>case. I can also re-align the floppy drives. But what happens to
        >the "value" of the computer.
        >
        >Personally, as long as it functions, and is intact after repairs, it
        >doesn't bother me. What do you all think?
        >
        >Any suggestions for the type of glue to use? The case in question is
        >made of that brittle, hard plastic that RS was fond of in its
        >business computers.
        >
      • Kelly Leavitt
        ... Fortunately, it is not the load-bearing plastics that are the most damaged. The structural load for the model 12 basically rests in the bottom tray, and
        Message 3 of 5 , Nov 4, 2005
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          --- In midatlanticretro@yahoogroups.com, "B. Degnan" <billdeg@d...>
          wrote:
          >
          > Youch!...I would wrap/bag the working pieces and wait for a non-
          > functioning 12 to come along (ebay or ??), buy it, and then do a
          > transplant. It would not hurt to try to fix the case, but
          > load-bearing plastic is hard to recover.
          > Bill D
          >
          Fortunately, it is not the load-bearing plastics that are the most
          damaged. The structural load for the model 12 basically rests in the
          bottom tray, and the top shell is fastened to it. Most of the damage
          was to this shell.

          Kelly
        • Degnan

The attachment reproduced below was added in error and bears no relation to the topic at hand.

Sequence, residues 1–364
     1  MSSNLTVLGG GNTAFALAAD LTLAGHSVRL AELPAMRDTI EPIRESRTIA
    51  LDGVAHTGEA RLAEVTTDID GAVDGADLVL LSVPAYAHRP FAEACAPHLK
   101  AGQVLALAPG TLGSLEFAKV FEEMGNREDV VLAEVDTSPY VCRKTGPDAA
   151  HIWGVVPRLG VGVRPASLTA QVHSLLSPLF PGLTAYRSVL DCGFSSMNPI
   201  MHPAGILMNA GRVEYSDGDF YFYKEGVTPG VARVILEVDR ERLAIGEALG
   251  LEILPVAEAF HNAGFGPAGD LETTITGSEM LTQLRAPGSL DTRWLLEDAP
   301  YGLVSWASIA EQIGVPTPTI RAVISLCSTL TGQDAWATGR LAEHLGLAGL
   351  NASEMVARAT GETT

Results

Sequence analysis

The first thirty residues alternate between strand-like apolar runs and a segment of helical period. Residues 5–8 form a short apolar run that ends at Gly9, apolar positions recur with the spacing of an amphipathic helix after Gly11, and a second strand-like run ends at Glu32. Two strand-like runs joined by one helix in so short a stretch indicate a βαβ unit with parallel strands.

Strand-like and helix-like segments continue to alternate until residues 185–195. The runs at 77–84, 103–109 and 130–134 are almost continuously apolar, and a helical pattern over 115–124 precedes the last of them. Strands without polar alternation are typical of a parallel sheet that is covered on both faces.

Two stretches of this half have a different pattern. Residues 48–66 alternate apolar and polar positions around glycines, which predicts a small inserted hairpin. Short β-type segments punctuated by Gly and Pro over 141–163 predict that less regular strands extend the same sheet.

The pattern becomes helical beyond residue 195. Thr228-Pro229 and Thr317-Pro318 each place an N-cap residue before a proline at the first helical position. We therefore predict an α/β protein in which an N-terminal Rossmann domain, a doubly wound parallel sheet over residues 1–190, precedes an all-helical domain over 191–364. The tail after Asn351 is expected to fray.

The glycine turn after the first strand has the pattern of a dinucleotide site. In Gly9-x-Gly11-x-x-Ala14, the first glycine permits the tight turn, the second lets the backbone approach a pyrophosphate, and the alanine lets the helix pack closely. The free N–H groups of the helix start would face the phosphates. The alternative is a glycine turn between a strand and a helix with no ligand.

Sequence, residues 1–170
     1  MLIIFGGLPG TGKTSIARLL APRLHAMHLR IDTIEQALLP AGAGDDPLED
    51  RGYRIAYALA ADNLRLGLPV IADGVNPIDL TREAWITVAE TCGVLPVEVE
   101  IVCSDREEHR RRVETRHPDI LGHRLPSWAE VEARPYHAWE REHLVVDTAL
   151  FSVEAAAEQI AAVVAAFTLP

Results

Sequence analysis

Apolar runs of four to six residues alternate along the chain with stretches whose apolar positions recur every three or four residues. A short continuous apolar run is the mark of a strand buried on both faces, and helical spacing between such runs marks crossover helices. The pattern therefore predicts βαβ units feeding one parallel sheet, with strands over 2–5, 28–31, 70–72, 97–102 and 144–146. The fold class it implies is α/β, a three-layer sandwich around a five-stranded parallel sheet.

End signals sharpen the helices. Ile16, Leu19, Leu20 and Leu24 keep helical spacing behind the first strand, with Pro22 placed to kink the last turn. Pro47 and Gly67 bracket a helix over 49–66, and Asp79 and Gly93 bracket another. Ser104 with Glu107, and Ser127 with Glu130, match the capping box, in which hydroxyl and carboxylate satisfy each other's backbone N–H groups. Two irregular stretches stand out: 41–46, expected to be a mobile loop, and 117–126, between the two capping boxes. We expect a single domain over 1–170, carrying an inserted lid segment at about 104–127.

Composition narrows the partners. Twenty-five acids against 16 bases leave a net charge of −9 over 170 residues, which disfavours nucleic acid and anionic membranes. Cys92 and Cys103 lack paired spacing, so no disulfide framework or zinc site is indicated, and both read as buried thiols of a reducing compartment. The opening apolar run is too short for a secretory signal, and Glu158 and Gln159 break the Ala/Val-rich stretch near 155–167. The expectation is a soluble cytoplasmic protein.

ah, then I would get a nice cool beer or two and some super glue. No rush and do my best to repair. You have nothing to lose. Bill ... home page ... -- E N D
          Message 4 of 5 , Nov 4, 2005
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            ah, then I would get a nice cool beer or two and some super glue.
            No rush and do my best to repair. You have nothing to lose.
            Bill

            At Friday, 04 November 2005, you wrote:

            >--- In midatlanticretro@yahoogroups.com, "B. Degnan" <billdeg@d...>
            >wrote:
            >>
            >> Youch!...I would wrap/bag the working pieces and wait for a non-
            >> functioning 12 to come along (ebay or ??), buy it, and then do a
            >> transplant. It would not hurt to try to fix the case, but
            >> load-bearing plastic is hard to recover.
            >> Bill D
            >>
            >Fortunately, it is not the load-bearing plastics that are the most
            >damaged. The structural load for the model 12 basically rests in the
            >bottom tray, and the top shell is fastened to it. Most of the damage
            >was to this shell.
            >
            >Kelly
            >
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            -- E N D --
          • John Allain
            When a case is as smashed as this one parts machine comes to mind, that is, there are people with good-looking systems that may no longer work and could use
            Message 5 of 5 , Nov 4, 2005
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              When a case is as smashed as this one "parts machine" comes to mind,
              that is, there are people with good-looking systems that may no longer
              work and could use the components.
              Another idea: "The visible PC"... just mount everything in a plexiglass
              box.

              Take care with your systems and shelves, Live and Learn.
              John A.